Perimeter Mall just north of Atlanta. I’ve been up in the area a few times, but I hadn’t been inside the mall yet. Last night, a friend and I had too much food at Cheeseburger in Paradise before walking off our fattness around the swanky stores.
Most of the stores weren’t very inviting; either selling kids clothes or personal electrolysis kits. We had a little fun in the EB Games, but as our game systems are mostly modded, we weren’t really planning on buying anything.
Then we came to the Apple Store. It was a glorious, pearly haven of electronic goodness, bountiful in innovation and style. Behind the counter, the Apple Geniuses were hard at work training and explaining all the latest Mac concepts to the shoppers. Stepping inside, we could feel the excitement. Customers swarmed around iPod touches, MacBooks, new iMacs, and of course, the new MacBook Air.
It was our first time seeing the device in person. The commercials had been a big hit, showing how thing and elegant the design was, but I wasn’t impressed. To me, thin meant fragile, stripped-down, even backwards. Then we touched it.
I knew I was wrong right away. As I lifted the unit, I was as impressed by how sturdy and solid it felt as I was by how little it weighed. Gone were the days where the screen wobbles as you walk the laptop around. The hinges held tightly as I closed and reopened it, noticing another nice surprise. Apple had also removed the annoying push-button to open the laptop. On my 12” PowerBook at home, that very switch has recently being giving me problems. On the Air, you just lift from the recessed notch and it’s done.
With the outside examined, I wanted to put it to the real test. As I moved my hand to the touchpad, I paused. It had been enlargened to a big comfortable size. I could barely keep my excitement in. I’d been dying to try this out for a while. Opening safari, I went to the first webpage I could think of, this blog, and pinched my fingers together. Instantly, the text size shrunk. I spread my fingers out and the text grew. Multi-touch touch-pads may be the coolest thing since the hotdog was invented.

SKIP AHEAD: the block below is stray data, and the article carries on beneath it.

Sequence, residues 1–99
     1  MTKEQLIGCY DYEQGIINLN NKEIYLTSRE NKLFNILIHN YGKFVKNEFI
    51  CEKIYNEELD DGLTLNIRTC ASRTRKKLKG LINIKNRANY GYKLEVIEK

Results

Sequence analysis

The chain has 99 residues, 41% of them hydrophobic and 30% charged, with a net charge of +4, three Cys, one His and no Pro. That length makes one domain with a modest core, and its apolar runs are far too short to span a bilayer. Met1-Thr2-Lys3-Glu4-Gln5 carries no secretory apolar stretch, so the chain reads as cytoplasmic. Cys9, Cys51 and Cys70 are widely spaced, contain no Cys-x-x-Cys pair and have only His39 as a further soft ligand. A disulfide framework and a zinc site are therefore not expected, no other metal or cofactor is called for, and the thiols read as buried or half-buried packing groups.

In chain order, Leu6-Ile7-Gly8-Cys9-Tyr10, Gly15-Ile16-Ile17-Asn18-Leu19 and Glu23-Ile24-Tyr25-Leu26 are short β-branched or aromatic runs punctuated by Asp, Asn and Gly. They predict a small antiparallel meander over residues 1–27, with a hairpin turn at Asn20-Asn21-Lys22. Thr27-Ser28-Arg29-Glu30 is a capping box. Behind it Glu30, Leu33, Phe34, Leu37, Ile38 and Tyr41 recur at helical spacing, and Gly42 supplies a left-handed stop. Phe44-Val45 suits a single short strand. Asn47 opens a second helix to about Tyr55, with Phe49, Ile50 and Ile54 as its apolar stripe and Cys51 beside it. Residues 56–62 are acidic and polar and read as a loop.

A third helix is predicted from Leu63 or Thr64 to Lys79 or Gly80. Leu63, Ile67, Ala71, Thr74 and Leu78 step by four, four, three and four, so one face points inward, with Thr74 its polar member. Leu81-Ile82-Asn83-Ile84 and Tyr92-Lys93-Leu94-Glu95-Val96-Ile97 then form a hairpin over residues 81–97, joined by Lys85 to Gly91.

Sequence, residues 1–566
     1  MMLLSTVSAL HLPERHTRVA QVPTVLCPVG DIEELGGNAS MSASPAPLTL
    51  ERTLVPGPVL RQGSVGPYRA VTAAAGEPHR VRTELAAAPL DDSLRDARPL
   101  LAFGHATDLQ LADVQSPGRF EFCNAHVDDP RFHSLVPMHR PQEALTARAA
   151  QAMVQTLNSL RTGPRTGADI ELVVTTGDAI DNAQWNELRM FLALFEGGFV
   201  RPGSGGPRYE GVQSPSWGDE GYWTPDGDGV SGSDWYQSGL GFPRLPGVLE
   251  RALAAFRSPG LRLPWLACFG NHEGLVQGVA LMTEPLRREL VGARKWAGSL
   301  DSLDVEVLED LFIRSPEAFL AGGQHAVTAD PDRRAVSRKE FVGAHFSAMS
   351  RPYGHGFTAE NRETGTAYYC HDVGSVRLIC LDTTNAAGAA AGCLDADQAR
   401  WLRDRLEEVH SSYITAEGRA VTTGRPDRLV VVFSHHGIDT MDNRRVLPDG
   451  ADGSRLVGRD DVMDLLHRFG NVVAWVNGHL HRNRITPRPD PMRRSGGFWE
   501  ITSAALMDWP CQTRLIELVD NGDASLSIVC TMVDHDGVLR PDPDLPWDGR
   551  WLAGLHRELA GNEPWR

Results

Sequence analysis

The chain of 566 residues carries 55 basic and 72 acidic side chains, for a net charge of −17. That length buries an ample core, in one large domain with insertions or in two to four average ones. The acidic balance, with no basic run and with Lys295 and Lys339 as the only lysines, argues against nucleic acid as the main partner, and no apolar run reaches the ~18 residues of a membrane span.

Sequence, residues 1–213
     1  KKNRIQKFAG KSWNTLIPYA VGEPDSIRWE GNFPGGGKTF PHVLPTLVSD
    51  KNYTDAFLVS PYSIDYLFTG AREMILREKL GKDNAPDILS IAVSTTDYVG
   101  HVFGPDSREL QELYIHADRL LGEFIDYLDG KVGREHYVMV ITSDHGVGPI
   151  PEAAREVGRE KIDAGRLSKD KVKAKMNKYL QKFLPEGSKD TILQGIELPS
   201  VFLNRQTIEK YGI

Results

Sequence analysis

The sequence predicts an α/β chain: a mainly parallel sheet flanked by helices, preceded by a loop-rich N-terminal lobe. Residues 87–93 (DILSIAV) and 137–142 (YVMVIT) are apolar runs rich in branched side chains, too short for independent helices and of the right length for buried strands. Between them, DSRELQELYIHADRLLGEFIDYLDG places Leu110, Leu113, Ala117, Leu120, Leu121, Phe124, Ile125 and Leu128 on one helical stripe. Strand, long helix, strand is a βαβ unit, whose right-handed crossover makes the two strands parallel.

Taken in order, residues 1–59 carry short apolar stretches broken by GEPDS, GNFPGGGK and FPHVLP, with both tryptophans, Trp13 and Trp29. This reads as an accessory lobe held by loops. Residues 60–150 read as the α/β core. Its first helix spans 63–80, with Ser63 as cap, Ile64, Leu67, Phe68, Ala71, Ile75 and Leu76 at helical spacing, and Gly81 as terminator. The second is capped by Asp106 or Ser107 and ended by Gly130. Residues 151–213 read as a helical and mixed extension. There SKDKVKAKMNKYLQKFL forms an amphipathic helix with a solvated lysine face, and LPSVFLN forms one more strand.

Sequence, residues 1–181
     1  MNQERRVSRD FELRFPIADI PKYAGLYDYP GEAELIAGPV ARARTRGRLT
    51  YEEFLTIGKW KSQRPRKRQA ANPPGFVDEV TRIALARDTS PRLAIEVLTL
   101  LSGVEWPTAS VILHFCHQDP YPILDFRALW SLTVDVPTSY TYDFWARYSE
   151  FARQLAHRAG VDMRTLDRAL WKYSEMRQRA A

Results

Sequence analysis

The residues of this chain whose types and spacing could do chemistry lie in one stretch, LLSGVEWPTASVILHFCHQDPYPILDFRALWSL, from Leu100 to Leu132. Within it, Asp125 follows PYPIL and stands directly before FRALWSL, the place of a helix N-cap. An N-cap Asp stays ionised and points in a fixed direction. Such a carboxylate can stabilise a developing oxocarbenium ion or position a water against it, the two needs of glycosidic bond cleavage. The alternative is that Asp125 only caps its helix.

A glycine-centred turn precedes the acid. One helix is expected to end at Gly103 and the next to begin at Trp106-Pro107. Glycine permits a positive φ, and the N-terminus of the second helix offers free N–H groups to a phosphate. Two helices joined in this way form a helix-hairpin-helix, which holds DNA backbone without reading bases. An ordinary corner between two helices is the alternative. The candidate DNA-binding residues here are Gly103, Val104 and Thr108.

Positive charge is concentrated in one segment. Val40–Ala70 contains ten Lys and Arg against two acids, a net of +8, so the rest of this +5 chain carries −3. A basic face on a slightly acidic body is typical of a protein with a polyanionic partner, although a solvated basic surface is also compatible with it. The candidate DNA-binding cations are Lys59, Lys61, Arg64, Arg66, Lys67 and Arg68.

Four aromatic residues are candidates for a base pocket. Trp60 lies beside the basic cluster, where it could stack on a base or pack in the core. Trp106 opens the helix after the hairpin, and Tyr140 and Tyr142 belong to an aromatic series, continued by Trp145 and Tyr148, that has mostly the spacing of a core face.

Plopping my thick fingers onto the keyboard, I was in for another surprise. The new keyboard design was fantastic! Rather than the shoddy loose keyboard faceplate of the old PowerBook models, the Air had a solid metal faceplate with large, unencumbered buttons rising up. No tapered sides or miniature footprint here; this keyboard was solid, easy to use, and comfortable.
I loved the keyboard so much, I wanted one right then and there. I couldn’t afford the 1799\$ pricetag of the Air, though, so I went the easy route. I picked up the Apple Wireless Keyboard for use on my PC at home.
Without going into too many details, let me just say it’s amazing. The smallest footprint you can imagine, with the feel of a full-size keyboard. As I type this blog entry out on a big, clunky, monster of an HP keyboard, my fingers feel dirty. They crave the AWK even now.
Setup had a cost, though. While I’m certain that integrating with a Mac would have been simple, doing so with a PC had a few problems.
First, setting up the bluetooth connection was really problematic. I purchased the Kensington Bluetooth USB Adapter 2.0 from Best Buy on the way home. I followed the installation instructions, set up the Bluetooth device, and turned on the Keyboard. My Bluetooth configuration picked up the keyboard right away and knew exactly what it was, but when I went to handshake and share pass-key to connect, the problem was apparent. The screen told me to type in the PIN number on my keyboard and press Enter, but there was no PIN number on the screen. After some searching online, I found more information on this forum.
In the end, the solutions they presented helped lead me to my own solution, even if they didn’t work as stated. I downloaded an old version of the Wildcomm Drivers (v. 188.8.131.52), as they suggested at one point in the forum. The order in which I installed things was important. After a few errors, I uninstalled everything and did the following. I installed the old Wildcomm Drivers. Then when it asked me to plug in my Bluetooth device, I plugged in the USB adapter. It popped up asking for a driver. At that point, I had Windows search the driver CD for the correct driver. When it finished installing, the Wildcomm install also finished. After a reboot, I turned on the Keyboard and told Windows to supply the PIN itself. Voila!
If that wasn’t crazy enough, I had a new problem. The FN button wouldn’t work. That made it very difficult to perform a CTRL-ALT-Delete. After a few more forums, I found the solution via the utility, AutoHotKey. I started with someone’s prefabricated “Apple Wireless Keyboard” script, and edited it to make the eject button into a delete button, which was my preference. Now not only can I CTRL-ALT-Delete, but the keyboards media keys work with Winamp too!
All in all, I’d say the keyboard is downright fantastic. If you don’t mind messing with firmware and drivers a bit, or installing and scripting some fancy hot-keys, this keyboard might be a good fit for you too.